The location of contacts 31 and 32 is quite important with respect to the proper functioning of the apparatus according to the present invention. The female copper contact 32 is imbedded in the root of the box end threads, second thread from the top as viewed in FIG. 1. The male copper contact 31 is bonded to form a portion of the corresponding thread on the pin end 12. By locating the contacts in this manner they are located in a region of zero fluid pressure gradient and minimal principal stress. This location precludes contact damage through misalignment during the makeup of the joint, through accidental pin end-to-box end impact, chain impact, or field-handling of the pipe in general.

Adequate electrical contact is assured by making the female copper contact face slightly oversize. If, through long use, copper is abraded from the copper faces of the contacts in sufficient quantities to prevent engagement therebetween, the problem may be corrected merely by coating the face of the male contact 31 with a thin film of a mixture of epoxy cement and copper dust.

Finally, it should be noted that although the root space of some of the box end threads is effectively plugged with copper and/or insulating material, the root space of all of the pin end threads is free. Thus, this latter root space maintains the desired communication of fluid between the inside of the drill pipe, through the threads, and to the annular space above the threads. As a result, no fluid pressure gradient can exist across the contacts.

While this invention has been described with particular reference to preferred embodiments thereof, it should be understood that the particular forms disclosed have been selected to facilitate explanation of the invention rather than to limit the number of forms which is may assume. Further, it should be understood that various modifications, alterations and adaptations may be applied to the specific forms described to meet the requirements of practice without in any manner departing from the spirit of the invention or the scope of the subjoined claims.

I claim as my invention:

1. Apparatus for transmitting electrical signals along a drill string disposed in a well borehole, said apparatus comprising:

a plurality of drill pipe sections detachably interconnected in an end-to-end manner, each pipe section including;

an elongated tubular portion having an inner wall defining a throughbore and terminating at the ends thereof with first and second connector means, said first connector means comprising a box end and said second connector means comprising a pin end, each of said connector means being provided with thread means to effect detachable interconnection 'with adjoining pipe sections;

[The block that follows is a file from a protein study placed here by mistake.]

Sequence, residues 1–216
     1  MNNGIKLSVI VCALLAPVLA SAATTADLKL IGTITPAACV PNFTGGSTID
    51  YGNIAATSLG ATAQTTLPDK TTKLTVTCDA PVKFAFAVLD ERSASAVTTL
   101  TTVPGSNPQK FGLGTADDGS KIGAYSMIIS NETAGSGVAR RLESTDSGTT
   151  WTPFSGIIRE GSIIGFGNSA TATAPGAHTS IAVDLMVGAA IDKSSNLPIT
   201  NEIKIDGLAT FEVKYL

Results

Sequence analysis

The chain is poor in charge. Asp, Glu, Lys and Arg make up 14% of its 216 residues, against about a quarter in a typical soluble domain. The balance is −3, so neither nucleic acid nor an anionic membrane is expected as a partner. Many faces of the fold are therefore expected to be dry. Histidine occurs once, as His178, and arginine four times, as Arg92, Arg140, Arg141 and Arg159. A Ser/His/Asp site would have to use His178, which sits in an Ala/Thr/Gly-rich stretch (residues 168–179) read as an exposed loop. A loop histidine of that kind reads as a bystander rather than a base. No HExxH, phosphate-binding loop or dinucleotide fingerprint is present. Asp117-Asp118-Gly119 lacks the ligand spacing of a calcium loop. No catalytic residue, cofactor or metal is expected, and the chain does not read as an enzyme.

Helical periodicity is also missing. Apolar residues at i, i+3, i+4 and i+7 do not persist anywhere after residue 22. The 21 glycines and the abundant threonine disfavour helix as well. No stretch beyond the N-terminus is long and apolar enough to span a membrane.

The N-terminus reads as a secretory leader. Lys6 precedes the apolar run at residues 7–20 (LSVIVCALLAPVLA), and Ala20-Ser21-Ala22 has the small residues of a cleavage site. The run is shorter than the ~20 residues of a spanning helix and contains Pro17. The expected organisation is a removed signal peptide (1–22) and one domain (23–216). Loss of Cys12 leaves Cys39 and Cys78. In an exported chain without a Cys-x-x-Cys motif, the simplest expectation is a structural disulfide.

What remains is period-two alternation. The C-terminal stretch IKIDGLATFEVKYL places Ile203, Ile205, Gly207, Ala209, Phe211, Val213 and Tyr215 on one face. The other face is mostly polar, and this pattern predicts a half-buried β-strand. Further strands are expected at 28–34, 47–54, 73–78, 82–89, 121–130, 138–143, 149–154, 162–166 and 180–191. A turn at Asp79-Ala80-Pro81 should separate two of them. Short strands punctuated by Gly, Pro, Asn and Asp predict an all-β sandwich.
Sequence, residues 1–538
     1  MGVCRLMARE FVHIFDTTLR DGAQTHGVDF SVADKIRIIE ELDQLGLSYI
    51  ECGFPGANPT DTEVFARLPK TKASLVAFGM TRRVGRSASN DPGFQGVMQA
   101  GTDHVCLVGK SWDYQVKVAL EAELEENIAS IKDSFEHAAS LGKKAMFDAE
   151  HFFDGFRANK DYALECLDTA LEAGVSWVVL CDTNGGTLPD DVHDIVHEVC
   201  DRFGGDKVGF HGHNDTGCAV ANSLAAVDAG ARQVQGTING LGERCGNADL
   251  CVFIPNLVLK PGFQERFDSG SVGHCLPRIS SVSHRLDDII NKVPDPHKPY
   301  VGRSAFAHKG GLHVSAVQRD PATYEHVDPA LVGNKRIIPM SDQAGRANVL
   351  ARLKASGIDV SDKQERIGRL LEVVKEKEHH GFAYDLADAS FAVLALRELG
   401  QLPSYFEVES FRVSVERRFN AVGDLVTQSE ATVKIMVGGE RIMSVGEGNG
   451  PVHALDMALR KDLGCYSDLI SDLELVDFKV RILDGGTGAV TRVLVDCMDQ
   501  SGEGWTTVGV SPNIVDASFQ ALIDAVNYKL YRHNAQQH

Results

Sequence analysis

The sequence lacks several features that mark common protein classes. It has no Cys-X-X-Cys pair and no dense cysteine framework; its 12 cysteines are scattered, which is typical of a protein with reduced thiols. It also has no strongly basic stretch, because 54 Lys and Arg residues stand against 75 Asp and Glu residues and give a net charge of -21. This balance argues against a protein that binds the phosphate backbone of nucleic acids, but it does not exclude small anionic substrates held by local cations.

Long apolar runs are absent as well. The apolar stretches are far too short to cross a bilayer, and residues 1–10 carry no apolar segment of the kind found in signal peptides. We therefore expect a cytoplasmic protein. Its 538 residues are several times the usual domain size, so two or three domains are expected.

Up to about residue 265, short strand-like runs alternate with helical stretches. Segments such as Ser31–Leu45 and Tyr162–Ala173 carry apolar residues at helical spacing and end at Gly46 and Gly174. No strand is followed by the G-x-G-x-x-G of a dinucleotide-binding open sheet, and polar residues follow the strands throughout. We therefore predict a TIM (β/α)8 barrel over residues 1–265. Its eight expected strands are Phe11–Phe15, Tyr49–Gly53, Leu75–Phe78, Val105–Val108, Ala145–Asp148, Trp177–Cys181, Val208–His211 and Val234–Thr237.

electrical conductor means extending substantially along the length of said pipe section;

electrically insulating material bonding said electrical conductor means to said pipe sections;

electrical contact means comprising an integral portion of said thread means and being fixedly positioned in an insulated manner with respect to the remainder of said thread means by means of an insulating bonding material; and

said electrical conductor means being end-connected to said electrical contact means to provide an electrical path therebetween which is electrically insulated from the remainder of said drill pipe section.

2. The apparatus according to claim 1 wherein said electrical contact means are in the form of thin strips of copper approximately one full thread in length and said insulating bonding material is epoxy resin.

3. The apparatus according to claim 2 wherein one of said electrical contact means comprises a portion of the male threads on said pin end and another of said electrical contact means is disposed in the root of the threads on said box end.

4. The apparatus according to claim 3 wherein said electrical contact means disposed in the root of the threads on said box end is slightly oversize to ensure engagement between said contact means and a cooperating contact means on an adjoining pipe section.

5. The apparatus according to claim 1 wherein the electrically insulating material used to bond the electrical conductor means to said pipe section is epoxy resin.

6. The apparatus according to claim 5 including a channel formed along the length of said tubular portion, said electrical conductor being centrally fixedly disposed in said channel by means of said epoxy resin.

7. The apparatus according to claim 3 including a zone of insulation formed by said electrically insulating material adjacent said electrical contact means disposed in the root of the threads on said box end.

References Cited UNITED STATES PATENTS 959,977 5/ 1910 Washburn et al. 2,979,142 4/1961 Reid l105 3,170,137 2/1965 Brandt 339-16 RICHARD E. MOORE, Primary Examiner R. A. HAFER, Assistant Examiner US. Cl. X.R. -104

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U.S. Classification439/191, 439/195, 175/104
International ClassificationE21B47/12, E21B17/042, E21B17/00, E21B17/02
Cooperative ClassificationE21B17/042, E21B17/00, E21B47/12, E21B17/028
European ClassificationE21B47/12, E21B17/02E, E21B17/00